It has been documented that 92.2% of discolored teeth are nonvital (dead). Nonvital teeth often lead to abscesses and pain.
In the center of a tooth is a canal whereby the pulp (vein, artery, and nerves) is found. When the tooth sustains a concussive injury, the pulp swells. The pulp cannot expand because it is encased in the center of the tooth; surrounded by the hard tissue of the tooth.
The blood supply is compromised due to the swelling of the pulp. This is called irreversible pulpitis. Most of the time, if not all of the time, the tooth dies.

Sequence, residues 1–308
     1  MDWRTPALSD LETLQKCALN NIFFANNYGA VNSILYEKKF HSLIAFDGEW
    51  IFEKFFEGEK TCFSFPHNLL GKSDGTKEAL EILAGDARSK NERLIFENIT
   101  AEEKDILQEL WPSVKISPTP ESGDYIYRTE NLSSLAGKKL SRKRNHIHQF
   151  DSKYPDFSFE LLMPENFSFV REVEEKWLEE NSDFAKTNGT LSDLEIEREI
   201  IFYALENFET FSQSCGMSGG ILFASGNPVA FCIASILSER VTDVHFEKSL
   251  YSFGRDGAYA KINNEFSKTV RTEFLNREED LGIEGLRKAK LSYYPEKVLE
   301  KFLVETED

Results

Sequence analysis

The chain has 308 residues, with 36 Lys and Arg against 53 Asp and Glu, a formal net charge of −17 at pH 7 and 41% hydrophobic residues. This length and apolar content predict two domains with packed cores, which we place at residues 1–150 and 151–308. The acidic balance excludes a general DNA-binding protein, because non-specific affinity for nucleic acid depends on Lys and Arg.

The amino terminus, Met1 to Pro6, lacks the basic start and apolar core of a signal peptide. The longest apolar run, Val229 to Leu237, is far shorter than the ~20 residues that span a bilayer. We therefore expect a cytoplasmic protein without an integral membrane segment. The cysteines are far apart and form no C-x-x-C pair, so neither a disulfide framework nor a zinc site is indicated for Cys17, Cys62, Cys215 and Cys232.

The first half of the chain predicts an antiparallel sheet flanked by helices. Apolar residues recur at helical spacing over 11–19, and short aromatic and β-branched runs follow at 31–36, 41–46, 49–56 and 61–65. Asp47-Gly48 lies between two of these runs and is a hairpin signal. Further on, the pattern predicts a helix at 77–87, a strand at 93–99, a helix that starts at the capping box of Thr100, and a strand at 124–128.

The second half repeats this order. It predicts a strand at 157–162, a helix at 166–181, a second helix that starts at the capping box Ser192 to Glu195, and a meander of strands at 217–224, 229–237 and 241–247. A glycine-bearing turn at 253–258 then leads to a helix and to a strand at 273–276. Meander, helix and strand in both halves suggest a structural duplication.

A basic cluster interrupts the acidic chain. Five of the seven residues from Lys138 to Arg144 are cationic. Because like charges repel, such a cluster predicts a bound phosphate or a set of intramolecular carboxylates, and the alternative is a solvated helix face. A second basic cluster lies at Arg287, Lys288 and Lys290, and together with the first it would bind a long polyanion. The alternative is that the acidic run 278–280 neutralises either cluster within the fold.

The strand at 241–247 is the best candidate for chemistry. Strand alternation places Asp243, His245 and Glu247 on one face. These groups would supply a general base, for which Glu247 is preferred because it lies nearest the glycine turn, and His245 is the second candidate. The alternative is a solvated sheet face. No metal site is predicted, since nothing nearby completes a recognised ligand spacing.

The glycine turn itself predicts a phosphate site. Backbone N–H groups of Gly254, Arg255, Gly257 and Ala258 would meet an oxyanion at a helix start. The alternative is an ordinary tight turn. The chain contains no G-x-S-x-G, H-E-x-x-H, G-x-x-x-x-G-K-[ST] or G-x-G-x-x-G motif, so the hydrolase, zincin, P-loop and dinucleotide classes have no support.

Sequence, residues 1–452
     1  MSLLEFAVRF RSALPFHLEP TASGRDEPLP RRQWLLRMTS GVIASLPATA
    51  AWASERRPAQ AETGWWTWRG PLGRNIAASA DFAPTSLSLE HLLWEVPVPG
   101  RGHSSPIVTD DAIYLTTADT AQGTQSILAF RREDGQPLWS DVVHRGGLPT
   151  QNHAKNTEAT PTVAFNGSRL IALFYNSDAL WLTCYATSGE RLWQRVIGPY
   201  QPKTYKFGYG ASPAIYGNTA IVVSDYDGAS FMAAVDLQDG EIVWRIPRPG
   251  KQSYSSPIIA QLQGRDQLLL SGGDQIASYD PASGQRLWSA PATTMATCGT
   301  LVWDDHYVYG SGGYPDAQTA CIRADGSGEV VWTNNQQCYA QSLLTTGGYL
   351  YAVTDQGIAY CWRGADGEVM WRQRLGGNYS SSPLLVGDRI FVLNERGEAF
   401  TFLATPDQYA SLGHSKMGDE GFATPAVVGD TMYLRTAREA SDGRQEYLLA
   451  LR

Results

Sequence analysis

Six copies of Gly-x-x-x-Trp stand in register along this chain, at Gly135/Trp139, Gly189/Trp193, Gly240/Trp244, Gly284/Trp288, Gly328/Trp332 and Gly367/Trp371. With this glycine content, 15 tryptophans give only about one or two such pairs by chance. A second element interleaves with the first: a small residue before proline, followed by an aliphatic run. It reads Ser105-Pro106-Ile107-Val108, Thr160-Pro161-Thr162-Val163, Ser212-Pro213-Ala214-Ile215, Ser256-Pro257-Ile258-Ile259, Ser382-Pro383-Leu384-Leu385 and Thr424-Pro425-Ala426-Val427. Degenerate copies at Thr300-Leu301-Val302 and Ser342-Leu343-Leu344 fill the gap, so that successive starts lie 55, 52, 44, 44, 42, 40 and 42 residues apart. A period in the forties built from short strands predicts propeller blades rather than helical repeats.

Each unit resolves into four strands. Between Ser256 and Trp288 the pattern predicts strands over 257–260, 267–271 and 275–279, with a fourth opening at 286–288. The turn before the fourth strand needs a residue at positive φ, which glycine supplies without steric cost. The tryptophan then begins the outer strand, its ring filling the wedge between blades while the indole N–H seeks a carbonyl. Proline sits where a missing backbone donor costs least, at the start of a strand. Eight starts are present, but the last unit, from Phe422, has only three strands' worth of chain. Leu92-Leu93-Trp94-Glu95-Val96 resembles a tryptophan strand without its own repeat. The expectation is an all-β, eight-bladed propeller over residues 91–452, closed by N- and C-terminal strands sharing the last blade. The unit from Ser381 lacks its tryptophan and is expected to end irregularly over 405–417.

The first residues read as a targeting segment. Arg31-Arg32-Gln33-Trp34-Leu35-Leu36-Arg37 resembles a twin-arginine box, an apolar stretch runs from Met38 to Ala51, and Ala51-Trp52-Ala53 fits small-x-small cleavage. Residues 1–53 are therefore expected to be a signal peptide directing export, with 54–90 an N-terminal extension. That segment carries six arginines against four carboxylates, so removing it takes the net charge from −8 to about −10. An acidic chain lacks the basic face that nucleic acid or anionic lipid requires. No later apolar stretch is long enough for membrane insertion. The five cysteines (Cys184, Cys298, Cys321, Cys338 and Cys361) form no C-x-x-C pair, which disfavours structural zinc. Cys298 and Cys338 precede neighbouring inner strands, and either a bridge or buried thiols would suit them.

Initially, pulpitis is extremely painful (we know this by asking people with pulpitis) then after the pulp dies it is not painful. After time, it often becomes painful again due to abscessing.
As the pulp tissue degrades the cellular fragment infiltrate the hard tissue (dentin) of the tooth thereby causing discoloration. Many of these teeth can be saved by performing root canal therapy.